Publication Date: Available Now from Mulholland
Source: Review Copy
Paul Morris is running out of money, friends and second chances. His new relationship might be his last hope of success.
Alice is not like any of the women he’s pursued in the past: wealthy, lonely, driven. When she invites Paul to her holiday home in Greece, he decides to do whatever it takes to make the romance stick.
But the summer is not the idyll he had planned. Ten years ago, a thirteen-year-old girl went missing on the island, and now a fresh sighting and another attack unsettle the long hot days.
For Paul is not be the only person with a plan… and his dreams of a life worth living may yet turn into a nightmare he cannot escape.
Lie With Me is a real page turner of a psychological thriller, certainly for me the best one from Sabine Durrant I have read with its cool (or hot if you like) setting and taut, clever prose that just drags you right into the story and holds you there.
The story is told by Paul, a really divisive fellow, you sure are not meant to like him and I did not, who leeches off the people around him based on one successful novel years earlier. His latest provider is Alice, a widow, who when they start a relationship invites him on holiday to Greece with the family. Never one to turn down a freebie, off he goes. But maybe this time he is not the one with the nefarious motivations…
It really is quite clever this novel because to be honest nobody in it is particularly lovely. The plot bubbles with untold secrets, every conversation, every action is layered with insinuation, as the story unfolds it is totally gripping and best of all you really are not sure where it is going. Rather than a Game of Thrones “Everybody Dies” vibe instead you have “Everybody Lies” – true in real life as in this book, but Sabine Durrant plays with that so beautifully, leaving the reader with an off kilter, slightly disturbed feeling throughout.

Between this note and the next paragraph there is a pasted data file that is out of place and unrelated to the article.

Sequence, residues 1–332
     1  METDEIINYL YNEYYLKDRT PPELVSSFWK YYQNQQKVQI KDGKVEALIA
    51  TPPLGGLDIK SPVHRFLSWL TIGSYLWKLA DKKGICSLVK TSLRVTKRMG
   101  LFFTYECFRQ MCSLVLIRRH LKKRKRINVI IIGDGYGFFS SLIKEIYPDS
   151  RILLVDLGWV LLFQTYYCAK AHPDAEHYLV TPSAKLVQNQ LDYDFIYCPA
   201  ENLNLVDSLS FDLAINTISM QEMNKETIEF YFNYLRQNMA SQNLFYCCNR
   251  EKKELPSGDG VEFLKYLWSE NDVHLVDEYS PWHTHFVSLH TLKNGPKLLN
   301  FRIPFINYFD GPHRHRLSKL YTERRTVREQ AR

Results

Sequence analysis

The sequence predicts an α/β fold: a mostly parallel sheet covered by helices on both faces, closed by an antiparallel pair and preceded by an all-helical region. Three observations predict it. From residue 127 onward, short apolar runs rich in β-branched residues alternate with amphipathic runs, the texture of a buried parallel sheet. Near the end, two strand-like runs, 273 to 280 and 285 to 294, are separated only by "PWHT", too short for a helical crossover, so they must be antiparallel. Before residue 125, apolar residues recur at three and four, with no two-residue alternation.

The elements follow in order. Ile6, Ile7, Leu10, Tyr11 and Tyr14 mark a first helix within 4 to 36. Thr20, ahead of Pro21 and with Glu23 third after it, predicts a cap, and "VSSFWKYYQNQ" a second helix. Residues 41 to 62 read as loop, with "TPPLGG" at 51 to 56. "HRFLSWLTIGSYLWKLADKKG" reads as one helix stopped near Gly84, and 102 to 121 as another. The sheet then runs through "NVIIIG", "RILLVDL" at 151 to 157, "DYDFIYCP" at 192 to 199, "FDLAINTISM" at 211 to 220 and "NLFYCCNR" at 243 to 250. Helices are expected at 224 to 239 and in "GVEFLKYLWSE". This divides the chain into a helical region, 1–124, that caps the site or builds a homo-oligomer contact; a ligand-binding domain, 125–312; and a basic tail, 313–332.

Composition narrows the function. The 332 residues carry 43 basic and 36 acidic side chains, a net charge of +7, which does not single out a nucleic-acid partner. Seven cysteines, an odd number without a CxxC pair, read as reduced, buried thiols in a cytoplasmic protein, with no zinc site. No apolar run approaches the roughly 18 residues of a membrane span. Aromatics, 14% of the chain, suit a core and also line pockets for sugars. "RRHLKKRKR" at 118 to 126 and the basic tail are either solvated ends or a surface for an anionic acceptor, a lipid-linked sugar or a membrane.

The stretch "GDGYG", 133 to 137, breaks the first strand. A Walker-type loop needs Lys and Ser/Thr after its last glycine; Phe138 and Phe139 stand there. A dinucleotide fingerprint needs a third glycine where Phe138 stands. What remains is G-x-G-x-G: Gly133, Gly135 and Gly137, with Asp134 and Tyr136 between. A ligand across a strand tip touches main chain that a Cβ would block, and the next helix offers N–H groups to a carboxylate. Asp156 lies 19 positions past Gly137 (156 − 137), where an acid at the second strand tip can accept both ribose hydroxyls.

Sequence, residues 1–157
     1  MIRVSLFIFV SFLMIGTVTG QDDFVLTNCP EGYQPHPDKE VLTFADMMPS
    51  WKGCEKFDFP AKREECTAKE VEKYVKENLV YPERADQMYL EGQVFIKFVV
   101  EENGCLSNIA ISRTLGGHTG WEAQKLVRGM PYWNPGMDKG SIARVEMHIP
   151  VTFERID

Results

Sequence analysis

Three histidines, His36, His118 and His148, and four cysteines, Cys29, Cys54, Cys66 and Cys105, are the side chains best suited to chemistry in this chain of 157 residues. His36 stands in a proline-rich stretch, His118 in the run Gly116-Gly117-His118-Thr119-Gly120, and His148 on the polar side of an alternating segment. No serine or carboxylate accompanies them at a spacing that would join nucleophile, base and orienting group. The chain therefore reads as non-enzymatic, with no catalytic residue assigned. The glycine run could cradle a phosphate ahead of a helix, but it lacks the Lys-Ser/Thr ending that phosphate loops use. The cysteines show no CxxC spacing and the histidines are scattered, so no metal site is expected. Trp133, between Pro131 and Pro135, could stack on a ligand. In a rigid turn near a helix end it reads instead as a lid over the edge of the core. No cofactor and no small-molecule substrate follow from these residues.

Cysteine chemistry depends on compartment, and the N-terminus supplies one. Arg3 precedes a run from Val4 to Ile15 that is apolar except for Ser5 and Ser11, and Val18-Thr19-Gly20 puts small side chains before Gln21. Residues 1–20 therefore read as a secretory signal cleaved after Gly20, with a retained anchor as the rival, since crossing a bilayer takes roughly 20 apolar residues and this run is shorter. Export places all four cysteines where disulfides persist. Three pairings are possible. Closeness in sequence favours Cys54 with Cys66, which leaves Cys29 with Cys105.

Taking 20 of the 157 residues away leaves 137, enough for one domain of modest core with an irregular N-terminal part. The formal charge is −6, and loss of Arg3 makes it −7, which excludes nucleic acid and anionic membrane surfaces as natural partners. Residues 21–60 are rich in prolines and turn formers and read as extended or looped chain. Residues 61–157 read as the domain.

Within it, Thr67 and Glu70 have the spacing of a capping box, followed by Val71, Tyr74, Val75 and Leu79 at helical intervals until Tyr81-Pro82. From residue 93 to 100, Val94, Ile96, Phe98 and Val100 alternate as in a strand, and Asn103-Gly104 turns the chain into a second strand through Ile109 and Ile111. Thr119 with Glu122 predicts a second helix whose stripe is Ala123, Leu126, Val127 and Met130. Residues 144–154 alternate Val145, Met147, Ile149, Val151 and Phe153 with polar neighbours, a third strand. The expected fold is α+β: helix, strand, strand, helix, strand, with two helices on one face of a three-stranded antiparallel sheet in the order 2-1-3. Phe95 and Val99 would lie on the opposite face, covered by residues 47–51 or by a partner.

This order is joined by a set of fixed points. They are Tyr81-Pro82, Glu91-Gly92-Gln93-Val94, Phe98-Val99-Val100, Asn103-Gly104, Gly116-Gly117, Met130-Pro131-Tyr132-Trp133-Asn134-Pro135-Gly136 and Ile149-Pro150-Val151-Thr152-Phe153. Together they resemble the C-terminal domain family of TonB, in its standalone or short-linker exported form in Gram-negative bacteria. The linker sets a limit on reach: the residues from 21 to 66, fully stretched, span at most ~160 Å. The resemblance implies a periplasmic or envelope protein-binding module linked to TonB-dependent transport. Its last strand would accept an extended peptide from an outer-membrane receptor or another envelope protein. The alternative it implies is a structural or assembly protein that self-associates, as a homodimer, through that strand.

Lie with Me is a slow slow burn of a tale, the character interactions are loaded with the promise of future revelations, which when they arrive illicit a truly emotional response – despite really hating Paul at times I did feel vaguely sorry for him. The group dynamic once they all reach Greece is intelligently woven into the wider plot involving a missing girl and a long ago crime, the mystery elements are perfectly in harmony with the intense character studies. The end, when it comes, is brilliantly placed and hugely satisfying – basically this book simmers, comes to the boil, then goes BOOM.
I really loved this one. It was clever, immersive and totally unsettling. Beautifully done.
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